As Treatment Options Dwindle, Wisconsin Sends Children Out of State for Mental Health Care
Since 2015, the number has steadily risen, with more than 100 placements in out-of-state care facilities in both 2017 and 2018.
By Will Cushman
Lance Horozewski leads Rock County's public agency that connects families and children to the support services they need. One difficult element of his work requires connecting particularly vulnerable kids to residential care centers where they can safely receive treatment for complex mental and emotional health needs.
In an ideal world, Horozewski and the county's Division of Children, Youth and Families would find local facilities. In a less ideal but still acceptable scenario, he would look to place children within a short drive from their homes in southern Wisconsin. In reality, though, Horozewski is forced to send many children more than 600 miles south to a facility outside of Memphis, Tennessee.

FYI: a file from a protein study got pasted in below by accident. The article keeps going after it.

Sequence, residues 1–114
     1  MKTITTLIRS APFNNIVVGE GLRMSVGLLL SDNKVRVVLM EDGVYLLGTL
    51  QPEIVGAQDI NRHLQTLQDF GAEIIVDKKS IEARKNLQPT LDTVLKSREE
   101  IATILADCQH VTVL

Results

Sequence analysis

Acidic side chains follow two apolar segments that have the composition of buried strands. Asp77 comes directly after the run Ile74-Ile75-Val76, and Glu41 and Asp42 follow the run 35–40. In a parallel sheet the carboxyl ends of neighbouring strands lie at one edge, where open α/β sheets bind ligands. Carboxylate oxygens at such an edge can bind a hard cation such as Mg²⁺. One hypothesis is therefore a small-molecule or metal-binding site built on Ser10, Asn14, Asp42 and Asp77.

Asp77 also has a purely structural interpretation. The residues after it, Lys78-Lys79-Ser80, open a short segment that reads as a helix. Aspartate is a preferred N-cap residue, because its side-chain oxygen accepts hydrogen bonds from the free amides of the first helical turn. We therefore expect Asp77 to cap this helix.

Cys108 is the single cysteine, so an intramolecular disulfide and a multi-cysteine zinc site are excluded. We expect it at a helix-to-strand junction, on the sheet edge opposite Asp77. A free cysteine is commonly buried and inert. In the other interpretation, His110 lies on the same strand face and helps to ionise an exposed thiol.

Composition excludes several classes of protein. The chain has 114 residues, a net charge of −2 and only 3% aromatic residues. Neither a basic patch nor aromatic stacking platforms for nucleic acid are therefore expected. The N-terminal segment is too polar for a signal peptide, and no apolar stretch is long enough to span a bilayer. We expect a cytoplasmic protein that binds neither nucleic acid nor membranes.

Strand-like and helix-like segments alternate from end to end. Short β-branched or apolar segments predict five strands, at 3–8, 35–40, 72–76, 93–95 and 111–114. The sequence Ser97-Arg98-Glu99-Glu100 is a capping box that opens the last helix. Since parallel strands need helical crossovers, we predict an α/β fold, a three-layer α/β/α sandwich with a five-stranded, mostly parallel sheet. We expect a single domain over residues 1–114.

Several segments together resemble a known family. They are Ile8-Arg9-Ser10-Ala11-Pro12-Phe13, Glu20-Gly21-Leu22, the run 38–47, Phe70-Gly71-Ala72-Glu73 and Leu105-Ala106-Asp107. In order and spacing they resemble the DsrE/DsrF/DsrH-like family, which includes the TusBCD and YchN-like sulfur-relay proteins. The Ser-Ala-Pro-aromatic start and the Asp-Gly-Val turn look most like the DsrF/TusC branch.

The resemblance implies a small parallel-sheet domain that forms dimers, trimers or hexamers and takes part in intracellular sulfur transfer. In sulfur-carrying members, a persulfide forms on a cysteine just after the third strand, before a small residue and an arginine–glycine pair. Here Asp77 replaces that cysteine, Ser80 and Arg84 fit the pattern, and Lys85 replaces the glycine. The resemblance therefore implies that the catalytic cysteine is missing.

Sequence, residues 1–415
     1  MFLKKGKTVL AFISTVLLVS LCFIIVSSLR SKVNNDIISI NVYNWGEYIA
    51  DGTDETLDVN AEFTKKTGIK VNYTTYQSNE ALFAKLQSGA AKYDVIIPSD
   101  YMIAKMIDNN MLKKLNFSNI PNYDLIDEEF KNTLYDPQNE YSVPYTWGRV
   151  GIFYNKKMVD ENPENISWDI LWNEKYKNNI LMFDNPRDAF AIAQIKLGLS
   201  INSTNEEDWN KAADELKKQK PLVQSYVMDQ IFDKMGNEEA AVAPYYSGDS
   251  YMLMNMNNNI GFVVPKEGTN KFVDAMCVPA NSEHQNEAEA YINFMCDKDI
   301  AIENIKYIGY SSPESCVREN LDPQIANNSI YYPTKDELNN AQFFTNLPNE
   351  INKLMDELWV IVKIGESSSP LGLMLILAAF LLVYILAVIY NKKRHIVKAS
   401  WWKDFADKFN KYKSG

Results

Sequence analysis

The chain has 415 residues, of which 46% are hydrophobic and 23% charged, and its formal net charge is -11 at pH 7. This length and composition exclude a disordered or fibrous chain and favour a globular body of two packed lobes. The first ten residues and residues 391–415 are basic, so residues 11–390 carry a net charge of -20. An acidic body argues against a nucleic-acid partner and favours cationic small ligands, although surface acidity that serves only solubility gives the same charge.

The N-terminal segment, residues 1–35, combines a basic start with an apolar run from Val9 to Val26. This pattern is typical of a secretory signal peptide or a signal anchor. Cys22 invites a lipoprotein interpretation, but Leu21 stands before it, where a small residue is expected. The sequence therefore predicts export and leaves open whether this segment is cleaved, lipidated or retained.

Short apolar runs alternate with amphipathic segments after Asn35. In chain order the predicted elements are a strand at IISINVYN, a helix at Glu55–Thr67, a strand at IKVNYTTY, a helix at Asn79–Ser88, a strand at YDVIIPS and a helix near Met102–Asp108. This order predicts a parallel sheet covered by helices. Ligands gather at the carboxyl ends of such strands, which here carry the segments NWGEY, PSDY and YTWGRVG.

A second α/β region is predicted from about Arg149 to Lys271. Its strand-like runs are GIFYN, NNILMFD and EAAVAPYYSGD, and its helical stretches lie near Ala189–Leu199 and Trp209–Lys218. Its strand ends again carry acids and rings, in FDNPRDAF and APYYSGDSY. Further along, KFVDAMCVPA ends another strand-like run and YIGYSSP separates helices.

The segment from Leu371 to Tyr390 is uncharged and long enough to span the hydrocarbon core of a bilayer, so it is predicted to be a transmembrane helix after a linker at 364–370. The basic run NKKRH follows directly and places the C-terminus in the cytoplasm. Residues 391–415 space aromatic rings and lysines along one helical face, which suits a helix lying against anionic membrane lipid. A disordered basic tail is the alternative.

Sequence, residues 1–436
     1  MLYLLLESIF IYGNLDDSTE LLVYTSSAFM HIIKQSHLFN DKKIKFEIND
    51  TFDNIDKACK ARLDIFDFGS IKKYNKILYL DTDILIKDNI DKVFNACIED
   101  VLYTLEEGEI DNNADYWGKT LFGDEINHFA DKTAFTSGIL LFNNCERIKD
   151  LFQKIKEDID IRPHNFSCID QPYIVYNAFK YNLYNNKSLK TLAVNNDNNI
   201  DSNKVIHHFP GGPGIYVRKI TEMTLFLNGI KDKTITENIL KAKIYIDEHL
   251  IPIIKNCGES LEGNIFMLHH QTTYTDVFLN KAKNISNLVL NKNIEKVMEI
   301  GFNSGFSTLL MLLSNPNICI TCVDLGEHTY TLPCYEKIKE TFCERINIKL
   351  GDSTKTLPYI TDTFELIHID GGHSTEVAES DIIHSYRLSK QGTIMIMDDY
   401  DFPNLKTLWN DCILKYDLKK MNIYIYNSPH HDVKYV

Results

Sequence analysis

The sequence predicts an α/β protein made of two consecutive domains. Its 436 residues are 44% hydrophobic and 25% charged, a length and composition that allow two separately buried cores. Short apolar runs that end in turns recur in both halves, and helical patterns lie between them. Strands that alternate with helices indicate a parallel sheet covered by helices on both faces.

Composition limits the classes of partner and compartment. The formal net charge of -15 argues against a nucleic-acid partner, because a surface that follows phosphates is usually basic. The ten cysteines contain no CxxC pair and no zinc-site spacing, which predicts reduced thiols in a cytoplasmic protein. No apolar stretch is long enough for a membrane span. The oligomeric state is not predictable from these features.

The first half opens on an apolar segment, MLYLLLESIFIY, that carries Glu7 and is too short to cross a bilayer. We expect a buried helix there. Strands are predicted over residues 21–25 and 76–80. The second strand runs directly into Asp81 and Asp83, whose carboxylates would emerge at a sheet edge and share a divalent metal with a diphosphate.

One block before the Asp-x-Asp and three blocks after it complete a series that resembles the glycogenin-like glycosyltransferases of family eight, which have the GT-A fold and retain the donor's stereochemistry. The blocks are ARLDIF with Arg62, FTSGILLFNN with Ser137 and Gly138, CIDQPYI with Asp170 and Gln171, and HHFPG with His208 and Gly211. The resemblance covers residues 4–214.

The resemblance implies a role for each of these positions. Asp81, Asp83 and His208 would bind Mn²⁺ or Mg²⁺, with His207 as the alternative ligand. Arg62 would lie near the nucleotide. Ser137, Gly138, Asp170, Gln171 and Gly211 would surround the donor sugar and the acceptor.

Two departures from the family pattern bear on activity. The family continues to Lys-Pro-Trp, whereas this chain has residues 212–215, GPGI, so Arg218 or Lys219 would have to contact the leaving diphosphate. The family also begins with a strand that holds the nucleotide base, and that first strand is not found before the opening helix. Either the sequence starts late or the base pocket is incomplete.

"Definitely, it's a problem," Horozewski said. And it's a problem that extends beyond Rock County.
Horozewski's department began having more difficulty placing children with complex mental health needs in facilities in Wisconsin around 2015. It has become especially difficult to secure beds for kids who require the most complex care, he said, including children with aggression and who are at high risk for suicide.
Many of the children from Rock County requiring complex care have been sent to Youth Villages near Memphis. While Horozewski is satisfied with the care they've received there, he said the sheer distance children are being sent from their homes in Wisconsin can create a barrier for lasting change.
"They're very disconnected," Horozewksi said, whether it be from their families or from local treatment and transition services.